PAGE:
Philosophy Feed

A new Utopianism?

An interesting essay on why utopias have failed and yet why they might be necessary.  Can we craft a new utopianism?

There are reasons, however, to think that a fully modern society cannot do without a utopian consciousness. To be modern is to be oriented toward the future. It is to be open to change even radical change, when called for. With its willingness to ride roughshod over all established certainties and ways of life, classical utopianism was too grandiose, too rationalist and ultimately too cold. We need the ability to look beyond the present. But we also need More’s insistence on playfulness. Once utopias are embodied in ideologies, they become dangerous and even deadly. So why not think of them as thought experiments? They point us in a certain direction. They may even provide some kind of purpose to our strivings as citizens and political beings.


Chomsky on Philosophy's responsibility in the Age of Trump

Of course, ridicule is not enough. It’s necessary to address the concerns and beliefs of those who are taken in by the fraud, or who don’t recognize the nature and significance of the issues for other reasons. If by philosophy we mean reasoned and thoughtful analysis, then it can address the moment, though not by confronting the “alternative facts” but by analyzing and clarifying what is at stake, whatever the issue is. Beyond that, what is needed is action: urgent and dedicated, in the many ways that are open to us.

Read more of Professor Chomsky's discussion.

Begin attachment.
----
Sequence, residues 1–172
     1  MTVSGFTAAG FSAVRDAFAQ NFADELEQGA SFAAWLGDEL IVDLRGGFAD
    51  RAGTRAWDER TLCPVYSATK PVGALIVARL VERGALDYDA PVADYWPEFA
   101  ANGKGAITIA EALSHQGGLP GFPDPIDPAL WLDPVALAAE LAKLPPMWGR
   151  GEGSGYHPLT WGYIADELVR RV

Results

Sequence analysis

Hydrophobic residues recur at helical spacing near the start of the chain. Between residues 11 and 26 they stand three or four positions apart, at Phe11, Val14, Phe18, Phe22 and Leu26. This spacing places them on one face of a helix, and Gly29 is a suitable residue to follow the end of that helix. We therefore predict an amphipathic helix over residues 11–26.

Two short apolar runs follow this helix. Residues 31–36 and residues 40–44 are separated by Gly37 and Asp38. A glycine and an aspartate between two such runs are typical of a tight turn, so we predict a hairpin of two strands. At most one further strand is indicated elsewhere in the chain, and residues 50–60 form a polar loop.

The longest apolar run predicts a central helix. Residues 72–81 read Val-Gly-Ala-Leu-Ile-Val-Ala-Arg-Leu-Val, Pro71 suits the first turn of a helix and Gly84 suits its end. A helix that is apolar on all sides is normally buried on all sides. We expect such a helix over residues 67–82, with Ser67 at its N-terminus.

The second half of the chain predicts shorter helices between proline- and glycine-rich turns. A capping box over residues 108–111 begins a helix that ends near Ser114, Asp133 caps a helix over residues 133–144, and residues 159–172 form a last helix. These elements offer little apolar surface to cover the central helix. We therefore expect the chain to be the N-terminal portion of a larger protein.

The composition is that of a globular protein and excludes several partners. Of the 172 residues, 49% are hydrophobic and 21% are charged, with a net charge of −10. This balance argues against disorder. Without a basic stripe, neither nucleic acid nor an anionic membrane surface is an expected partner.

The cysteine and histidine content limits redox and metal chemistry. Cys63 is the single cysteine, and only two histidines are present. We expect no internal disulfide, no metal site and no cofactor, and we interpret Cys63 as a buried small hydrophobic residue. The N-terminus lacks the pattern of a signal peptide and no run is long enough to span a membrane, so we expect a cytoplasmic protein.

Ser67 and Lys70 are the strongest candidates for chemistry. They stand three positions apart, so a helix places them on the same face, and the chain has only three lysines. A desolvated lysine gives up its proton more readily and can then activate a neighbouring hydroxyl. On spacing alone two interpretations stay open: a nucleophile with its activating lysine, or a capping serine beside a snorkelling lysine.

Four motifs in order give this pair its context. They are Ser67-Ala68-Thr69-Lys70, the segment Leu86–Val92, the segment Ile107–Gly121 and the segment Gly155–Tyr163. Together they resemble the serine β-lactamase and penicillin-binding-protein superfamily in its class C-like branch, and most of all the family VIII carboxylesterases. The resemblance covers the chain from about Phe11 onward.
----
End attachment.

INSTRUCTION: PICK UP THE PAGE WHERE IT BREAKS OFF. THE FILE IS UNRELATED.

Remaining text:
I needed this just now:

G.Y.: There are times when the sheer magnitude of human suffering feels unbearable. As someone who speaks to so much suffering in the world, how do you bear witness to this and yet maintain the strength to go on?

N.C.: Witnessing it is enough to provide the motivation to go on. And nothing is more inspiring to see how poor and suffering people, living under conditions incomparably worse than we endure, continue quietly and unpretentiously with courageous and committed struggle for justice and dignity.


Freud the philosopher of mind

A very good essay defending Freud's importance in the history of the philosophy of mind.  I was drawn to this paragraph:

Freud’s critique of dispositionalism began with the observation that our mental life is not a smoothly flowing stream of consciousness. It is an interrupted stream that runs through tunnels and under bridges, disappearing on one side and reappearing on the other. ‘The data of consciousness,’ Freud wrote in ‘The Unconscious’ (1915), ‘have a very large number of gaps in them … Our most personal daily experience acquaints us with ideas that come into our head, we know not from where, and with intellectual conclusions arrived at, we do not know how.’

William James and Sigmund Freud met once and went for a walk alone.  Neither man ever recorded the content of their conversation, sadly.


Other Minds: The Octopus, the Sea, and the Deep Origins of Consciousness

Other Minds: The Octopus, the Sea, and the Deep Origins of ConsciousnessOther Minds: The Octopus, the Sea, and the Deep Origins of Consciousness by Peter Godfrey-Smith
My rating: 2 of 5 stars

I did not enjoy this book as much as I had anticipated. It does lend support to the view of the mind I already hold. I think it was too analytical and not poetic enough. I had expected more of the latter I guess.

View all my reviews

Religious Tolerance

A fascinating analysis of religious tolerance in a liberal, pluralistic society.  The author distinguishes between ideological and non-ideological identities and the different ways tolerance interacts with each.

Non-ideological identities include race, gender, sexual orientation, etc.  Tolerance here is a matter of acceptance of diversity.  It is wrong to criticize a person for these identities.  That is bigotry.